R.M.S. CARINTHIA (read Royal Mail Steamer CARINTHIA) was one of Cunard's intermediate passenger liners and cruise ships constructed after WW1. A fine liner and cruise ship, the CARINTHIA was built in Barraw by Vickers and completed in August 1925. She sailed from Liverpool on her maiden voyage to New York on 22 August 1925 and could accomodate 1.650 passengers and a crew of 450 - 2.000 souls onboard. A twin screw steam turbine passenger ship of 20.277 gross registered tons, the CARINTHIA was an exact sister to the FRANCONIA of 1923 which survived WW2 and retturned to passenger service until 1956.
The CARINTHIA was more or less the same size as the Portuguese flagship INFANTE DOM HENRIQUE of 1961: her hull was 190.2 meters long and 22.4 meters wide. The steam turbines developed 13.500 SHP and she had a service speed of 16 knots.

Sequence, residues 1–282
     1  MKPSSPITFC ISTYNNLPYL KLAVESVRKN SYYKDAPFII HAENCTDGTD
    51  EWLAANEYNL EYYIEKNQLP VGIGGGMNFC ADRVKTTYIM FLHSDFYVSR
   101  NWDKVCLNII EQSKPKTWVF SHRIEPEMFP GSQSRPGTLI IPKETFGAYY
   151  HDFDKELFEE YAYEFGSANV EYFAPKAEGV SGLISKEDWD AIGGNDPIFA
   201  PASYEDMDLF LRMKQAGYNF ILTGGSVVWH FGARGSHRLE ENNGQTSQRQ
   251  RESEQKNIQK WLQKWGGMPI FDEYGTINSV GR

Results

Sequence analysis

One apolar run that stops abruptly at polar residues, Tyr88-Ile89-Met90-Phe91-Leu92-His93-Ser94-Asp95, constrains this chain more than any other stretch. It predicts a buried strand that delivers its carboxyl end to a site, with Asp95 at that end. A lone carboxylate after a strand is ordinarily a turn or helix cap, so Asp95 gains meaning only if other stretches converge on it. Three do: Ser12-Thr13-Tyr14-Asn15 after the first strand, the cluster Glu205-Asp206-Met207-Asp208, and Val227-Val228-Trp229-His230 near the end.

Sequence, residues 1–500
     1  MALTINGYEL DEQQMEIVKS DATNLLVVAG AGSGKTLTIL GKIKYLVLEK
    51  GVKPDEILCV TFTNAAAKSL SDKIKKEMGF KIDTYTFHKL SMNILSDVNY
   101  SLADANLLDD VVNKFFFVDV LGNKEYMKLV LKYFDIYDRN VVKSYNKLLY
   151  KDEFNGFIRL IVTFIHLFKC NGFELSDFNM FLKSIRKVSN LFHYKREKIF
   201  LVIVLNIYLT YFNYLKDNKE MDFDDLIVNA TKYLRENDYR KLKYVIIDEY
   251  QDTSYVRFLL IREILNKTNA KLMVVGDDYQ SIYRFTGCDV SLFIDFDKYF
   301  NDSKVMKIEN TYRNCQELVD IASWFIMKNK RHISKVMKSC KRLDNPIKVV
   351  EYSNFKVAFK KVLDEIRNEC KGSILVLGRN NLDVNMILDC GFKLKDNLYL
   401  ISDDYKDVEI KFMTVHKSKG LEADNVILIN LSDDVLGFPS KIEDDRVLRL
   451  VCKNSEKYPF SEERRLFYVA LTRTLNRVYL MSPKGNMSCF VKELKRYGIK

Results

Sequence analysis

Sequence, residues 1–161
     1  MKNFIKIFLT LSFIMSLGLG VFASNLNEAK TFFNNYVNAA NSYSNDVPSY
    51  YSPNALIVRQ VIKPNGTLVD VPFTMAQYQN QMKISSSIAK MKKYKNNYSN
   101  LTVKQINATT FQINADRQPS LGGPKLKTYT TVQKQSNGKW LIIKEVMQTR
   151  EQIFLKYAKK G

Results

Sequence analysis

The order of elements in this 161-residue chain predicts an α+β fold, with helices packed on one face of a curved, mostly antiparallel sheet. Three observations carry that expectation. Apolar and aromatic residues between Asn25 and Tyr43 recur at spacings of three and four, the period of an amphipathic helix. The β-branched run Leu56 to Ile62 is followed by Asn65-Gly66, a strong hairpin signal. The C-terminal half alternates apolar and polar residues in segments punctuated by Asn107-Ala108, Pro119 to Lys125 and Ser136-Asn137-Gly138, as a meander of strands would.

In September 1939 the CARINTHIA was one of many passengers ships converted to war duties. She became an armed merchant cruiser and was lost off the Irish Coast on 7 June 1940 when she sunk following German submarine (U46) torpedo attack on 6 June. Four people died.
In 1956 a new CARINTHIA was commissioned by Cunard Line.
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